HL Deb 11 November 1999 vol 606 cc223-4WA
Lord Kennet

asked Her Majesty's Government:

What proportion of the country's significant economic and social activity is currently being measured by the Office for National Statistics or its successor body; and in what terms it is being measured; and [HL4586]

Whether the country's currently measured economic activity includes non-marketed, but marketable, activity (such as household, political, voluntary, charitable, caring work) and marketed by not recorded activity (such as undeclared or criminal work), and, if not, how is the economic or social importance of these activities evaluated and taken into account. [HL4587]

Lord McIntosh of Haringey

The information requested falls within the responsibility of the Director of the Office for National Statistics, who has been asked to reply.

Letter to Lord Kennet from the Director of the Office for National Statistics, Dr T Holt, dated 11 November 1999.

As Director of the Office for National Statistics (ONS), I have been asked to reply to your parliamentary questions on economic and social activity currently being measured.

Currently the ONS aims to measure all the significant economic activity in the United Kingdom which involves a monetary transaction. This is measured at current and constant prices and published in the UK National Accounts, which conform to internationally agreed coverage and definitions. Statistics are collected and published on a wide range of social activity. It is not possible to say what proportion is being measured, as this would depend on how widely or narrowly social activity is defined, and whether it is in fact possible to quantify the unmeasured element.

The National Accounts do include the non-market activity of various bodies such as non-profit institutions serving households, e.g. charities, trade unions etc., as well as the non-market output of general government. Estimates of capital formation include activities such as self-build dwellings, which are part of the output produced by domestic households for their own consumption.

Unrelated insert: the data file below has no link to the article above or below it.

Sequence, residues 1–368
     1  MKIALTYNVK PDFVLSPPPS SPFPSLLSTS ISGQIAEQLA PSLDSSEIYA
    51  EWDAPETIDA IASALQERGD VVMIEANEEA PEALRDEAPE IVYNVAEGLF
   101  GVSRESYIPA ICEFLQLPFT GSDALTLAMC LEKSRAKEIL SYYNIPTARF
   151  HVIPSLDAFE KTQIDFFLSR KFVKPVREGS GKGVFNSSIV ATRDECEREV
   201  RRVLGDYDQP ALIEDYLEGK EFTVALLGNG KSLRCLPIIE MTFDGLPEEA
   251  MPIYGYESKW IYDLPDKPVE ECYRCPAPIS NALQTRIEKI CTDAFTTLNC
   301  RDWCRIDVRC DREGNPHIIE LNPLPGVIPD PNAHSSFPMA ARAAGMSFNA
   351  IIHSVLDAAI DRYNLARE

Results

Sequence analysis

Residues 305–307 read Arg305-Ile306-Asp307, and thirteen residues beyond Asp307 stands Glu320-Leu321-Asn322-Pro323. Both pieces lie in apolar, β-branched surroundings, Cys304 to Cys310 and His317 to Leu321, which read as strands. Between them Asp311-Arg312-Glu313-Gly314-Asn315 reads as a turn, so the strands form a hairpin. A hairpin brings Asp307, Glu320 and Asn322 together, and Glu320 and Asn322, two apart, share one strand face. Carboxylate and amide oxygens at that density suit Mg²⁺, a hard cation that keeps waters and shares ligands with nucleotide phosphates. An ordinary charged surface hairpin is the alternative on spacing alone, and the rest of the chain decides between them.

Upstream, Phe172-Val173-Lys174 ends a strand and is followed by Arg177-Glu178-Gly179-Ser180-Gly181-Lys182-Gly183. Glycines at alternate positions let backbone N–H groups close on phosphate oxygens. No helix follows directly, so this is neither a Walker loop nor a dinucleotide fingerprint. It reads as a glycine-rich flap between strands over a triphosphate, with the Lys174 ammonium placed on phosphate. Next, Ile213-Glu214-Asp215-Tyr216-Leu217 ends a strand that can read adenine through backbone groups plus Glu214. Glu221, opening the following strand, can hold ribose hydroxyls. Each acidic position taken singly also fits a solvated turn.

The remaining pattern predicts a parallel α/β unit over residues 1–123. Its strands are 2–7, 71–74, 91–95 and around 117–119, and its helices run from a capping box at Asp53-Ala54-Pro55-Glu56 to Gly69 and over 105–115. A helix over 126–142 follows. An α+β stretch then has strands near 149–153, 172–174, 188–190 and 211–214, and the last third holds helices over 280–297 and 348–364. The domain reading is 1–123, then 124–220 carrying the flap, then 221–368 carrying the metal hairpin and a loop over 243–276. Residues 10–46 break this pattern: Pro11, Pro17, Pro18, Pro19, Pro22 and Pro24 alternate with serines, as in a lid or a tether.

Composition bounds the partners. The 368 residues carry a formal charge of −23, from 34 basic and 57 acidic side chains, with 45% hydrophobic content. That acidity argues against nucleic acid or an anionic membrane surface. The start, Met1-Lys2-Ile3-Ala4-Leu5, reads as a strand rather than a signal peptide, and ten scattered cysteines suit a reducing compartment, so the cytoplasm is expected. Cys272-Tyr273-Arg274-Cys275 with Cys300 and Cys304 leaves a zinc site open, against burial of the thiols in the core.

National Accounts aggregates are also adjusted to take account of some activity which is produced and sold but not recorded, e.g. sole traders and partnerships who are not registered for income tax. Research has also been undertaken to provide illustrative estimates of illegal activity. A description of this research was published in Economic Trends in July 1998, but these estimates are not sufficiently developed to be incorporated into the National Accounts.

The ONS is developing a household satellite account, which aims to measure and value all domestic household production including caring and voluntary work. A major input into this work will be the results from the UK Time Use Survey, which is co-ordinated by the ONS and jointly funded by a consortium of government departments and the Economic and Social Research Council. Fieldwork for this survey is due to begin next March and last for 12 months. Respondents will be asked to fill in, using their own words, a diary covering all their activities in two 24-hour periods—one week day and one weekend day. The diary information will be supported by the individual questionnaire, which will ask respondents to record any 'voluntary work' they have done or 'help and services' they have provided for others in the previous four weeks. This survey will give important insights into social activity, as well as providing more information about non-marketed economic activity.